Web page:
H. serratas in Wisconsin

norabelle(5)April 1, 2009

Good morning,

I have been searching GW and GW with Google, and I am coming up with "missing message" statements for many of my searches for information on H. serrata.

I am interested in the H. serratas Blue Billow, Akishino, Tiara, and Blue Deckle. The nursery I am looking at in particular is Wilkerson Mill Gardens in Georgia.

The catalog states these are hardy to zone 5, which is my zone. I have successfully overwintered Endless Summer mulching with leaves around the base; however, these are young plants (2-3 years in my yard), so their blooms have not been abundant, yet. I am concerned that the H. serrata is less hardy than the Endless Summer maccs. I am also concerned that I have not found much about serratas in zone 5, which makes me wonder if they won't make it up here.

I am also trying to access a well-beloved thread about overwintering hydrangeas by hayseedman. I can find the thread, but when I click it, I receive a "message not found" response.

Any information, suggestions, and advice (for or against the serratas) is welcome.


Nora Belle

Thank you for reporting this comment. Undo
luis_pr(7b/8a Hurst, TX)

Good morning, Nora. There is a problem with searches, at least since yesterday (that is when I noticed it). It was still on-going earlier today. The search engine locates the posts correctly but the URL that it takes you to is incorrect so you get the 'not found' message. I think the correct URL starts with //forums.... but the one in the search link starts with //forums2....

So after I get the error message, I go back to the URL, delete the number 2 and hit ENTER. This then takes me to the post. Messy but it is a workaround.

From some looking around that I did when I wanted to buy Blue Deckle, I noticed that serratas were good up to Zone 6. I just checked in the book Hydrangeas by Glyn Church and it says they are good thru Z6. I also went to www.hydrangeasplus.com (another good mail order source) and all of their serratas were classified as Z6 too. So I am not sure why the discrepancy.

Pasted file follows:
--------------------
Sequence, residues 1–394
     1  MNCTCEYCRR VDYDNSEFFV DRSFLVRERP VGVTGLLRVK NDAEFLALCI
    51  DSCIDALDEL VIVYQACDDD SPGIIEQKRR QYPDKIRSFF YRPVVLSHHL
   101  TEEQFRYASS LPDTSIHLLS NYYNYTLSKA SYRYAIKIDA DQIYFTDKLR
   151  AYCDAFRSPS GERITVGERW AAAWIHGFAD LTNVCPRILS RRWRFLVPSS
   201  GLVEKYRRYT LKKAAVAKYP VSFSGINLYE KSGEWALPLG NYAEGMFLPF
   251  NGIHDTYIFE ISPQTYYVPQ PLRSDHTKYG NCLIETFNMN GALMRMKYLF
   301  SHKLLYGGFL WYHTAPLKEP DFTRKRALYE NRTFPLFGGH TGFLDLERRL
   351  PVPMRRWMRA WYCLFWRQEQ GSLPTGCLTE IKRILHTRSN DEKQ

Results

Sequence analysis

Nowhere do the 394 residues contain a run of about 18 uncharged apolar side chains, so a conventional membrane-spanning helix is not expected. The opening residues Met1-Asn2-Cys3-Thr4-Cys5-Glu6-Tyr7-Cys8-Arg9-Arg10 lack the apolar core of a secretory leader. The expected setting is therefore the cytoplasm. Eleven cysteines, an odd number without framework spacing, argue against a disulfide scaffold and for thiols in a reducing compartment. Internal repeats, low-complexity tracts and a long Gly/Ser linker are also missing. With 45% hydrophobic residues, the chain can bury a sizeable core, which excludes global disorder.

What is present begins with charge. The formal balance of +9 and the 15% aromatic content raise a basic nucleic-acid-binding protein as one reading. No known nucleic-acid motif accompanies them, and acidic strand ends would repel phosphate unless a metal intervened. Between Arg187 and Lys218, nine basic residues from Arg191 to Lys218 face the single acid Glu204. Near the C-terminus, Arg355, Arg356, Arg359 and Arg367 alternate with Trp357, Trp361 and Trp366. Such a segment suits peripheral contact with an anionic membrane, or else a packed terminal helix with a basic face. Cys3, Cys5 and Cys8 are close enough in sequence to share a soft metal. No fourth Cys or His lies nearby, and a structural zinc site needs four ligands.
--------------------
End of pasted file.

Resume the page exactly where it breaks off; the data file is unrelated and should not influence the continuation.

Maybe Z5'ers will chime in and confirm how they do over there... For now, I assume that you may have to winter protect them. I would also call Wilkerson Mill Gardens if they have an 800 number to confirm the information that you saw. It could be a catalog misprint.

    Bookmark   April 2, 2009 at 9:26AM
Thank you for reporting this comment. Undo

Thank you, Luis, for the work around and the information about the serratas.

I believe that you are beginning to confirm what I am afraid is true about the serratas--I will probably push my luck or zone with them up here. :) I don't mind providing winter protection, but I wonder between guaranteed few days of way-below-zero temps and wind chill each winter, if the plants will ever be able to flower. I am going to look for the book you mentioned at the library. Wilkerson's has used that source with me when I have discussed other hydrangea options.

I am hoping some zone 5-ers might provide me with more optimisitic information about the serratas, but I will take a wait and see attitude. :)

Nora Belle

    Bookmark   April 2, 2009 at 10:29AM
Thank you for reporting this comment. Undo

As per my recollection of previous conversations on this forum, Blue Billow is reputedly buds hardy in z5b without winter protection. But not take my words for granted.

    Bookmark   April 2, 2009 at 11:06PM
Thank you for reporting this comment. Undo
luis_pr(7b/8a Hurst, TX)


Why don't you do a search (I know, I know, it is a pain until they fix the problem...) using as key words the names of your four hydrangea varieties. Browse the posts and observe who appears to have one and their zone. Then send them a GardenWeb Email if they live in Zone 5.

    Bookmark   April 3, 2009 at 12:14AM
Thank you for reporting this comment. Undo

H. serratas are somewhat more cold tolerant than H. macrophylla because their native habitat is in the mountainous regions of Japan & Korea, whereas H. macrophylla is found at lower elevations, typically near the seashore.
Unless you have a warmer microclimate area or a sheltered place near a heated building or among evergreen shrubs, I would plan on providing some winter protection for them. They are not remontant, so the canes and buds must also be protected, for them to reliably produce flowers each year.
Hopefully, you will be able to access hayseedman's classic protection methods, to determine what you will need to do each fall.
There will always be some dieback on them each winter, as I experience some in my Zone 7.

FWIW, I live only a few miles from Wilkerson's Mill Gardens Nursery and could easily drive there and pick up an order, but most of my purchases are from HydrangeaPlus, for selection, price, quality and service. I'm willing to pay the shipping costs to obtain that. Some purchases are made at local nurseries and box stores, during seasonal closeout sales.

    Bookmark   April 3, 2009 at 1:57AM
Thank you for reporting this comment. Undo